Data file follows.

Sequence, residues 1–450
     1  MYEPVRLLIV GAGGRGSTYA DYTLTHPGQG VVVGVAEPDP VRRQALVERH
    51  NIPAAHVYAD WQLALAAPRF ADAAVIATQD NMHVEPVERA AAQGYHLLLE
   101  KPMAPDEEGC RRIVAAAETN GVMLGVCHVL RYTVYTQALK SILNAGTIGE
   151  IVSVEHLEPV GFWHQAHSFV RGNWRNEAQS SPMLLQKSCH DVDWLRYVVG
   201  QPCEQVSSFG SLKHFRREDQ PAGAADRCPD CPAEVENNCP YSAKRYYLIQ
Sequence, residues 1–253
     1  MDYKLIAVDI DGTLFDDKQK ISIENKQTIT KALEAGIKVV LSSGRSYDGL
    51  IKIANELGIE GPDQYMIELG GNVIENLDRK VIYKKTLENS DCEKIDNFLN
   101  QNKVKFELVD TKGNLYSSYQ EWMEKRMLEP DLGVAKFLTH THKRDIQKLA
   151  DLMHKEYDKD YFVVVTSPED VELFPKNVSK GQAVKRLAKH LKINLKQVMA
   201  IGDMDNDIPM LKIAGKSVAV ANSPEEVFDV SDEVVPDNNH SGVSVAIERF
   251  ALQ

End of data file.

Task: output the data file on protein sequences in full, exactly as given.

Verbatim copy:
Sequence, residues 1–450
     1  MYEPVRLLIV GAGGRGSTYA DYTLTHPGQG VVVGVAEPDP VRRQALVERH
    51  NIPAAHVYAD WQLALAAPRF ADAAVIATQD NMHVEPVERA AAQGYHLLLE
   101  KPMAPDEEGC RRIVAAAETN GVMLGVCHVL RYTVYTQALK SILNAGTIGE
   151  IVSVEHLEPV GFWHQAHSFV RGNWRNEAQS SPMLLQKSCH DVDWLRYVVG
   201  QPCEQVSSFG SLKHFRREDQ PAGAADRCPD CPAEVENNCP YSAKRYYLIQ
Sequence, residues 1–253
     1  MDYKLIAVDI DGTLFDDKQK ISIENKQTIT KALEAGIKVV LSSGRSYDGL
    51  IKIANELGIE GPDQYMIELG GNVIENLDRK VIYKKTLENS DCEKIDNFLN
   101  QNKVKFELVD TKGNLYSSYQ EWMEKRMLEP DLGVAKFLTH THKRDIQKLA
   151  DLMHKEYDKD YFVVVTSPED VELFPKNVSK GQAVKRLAKH LKINLKQVMA
   201  IGDMDNDIPM LKIAGKSVAV ANSPEEVFDV SDEVVPDNNH SGVSVAIERF
   251  ALQ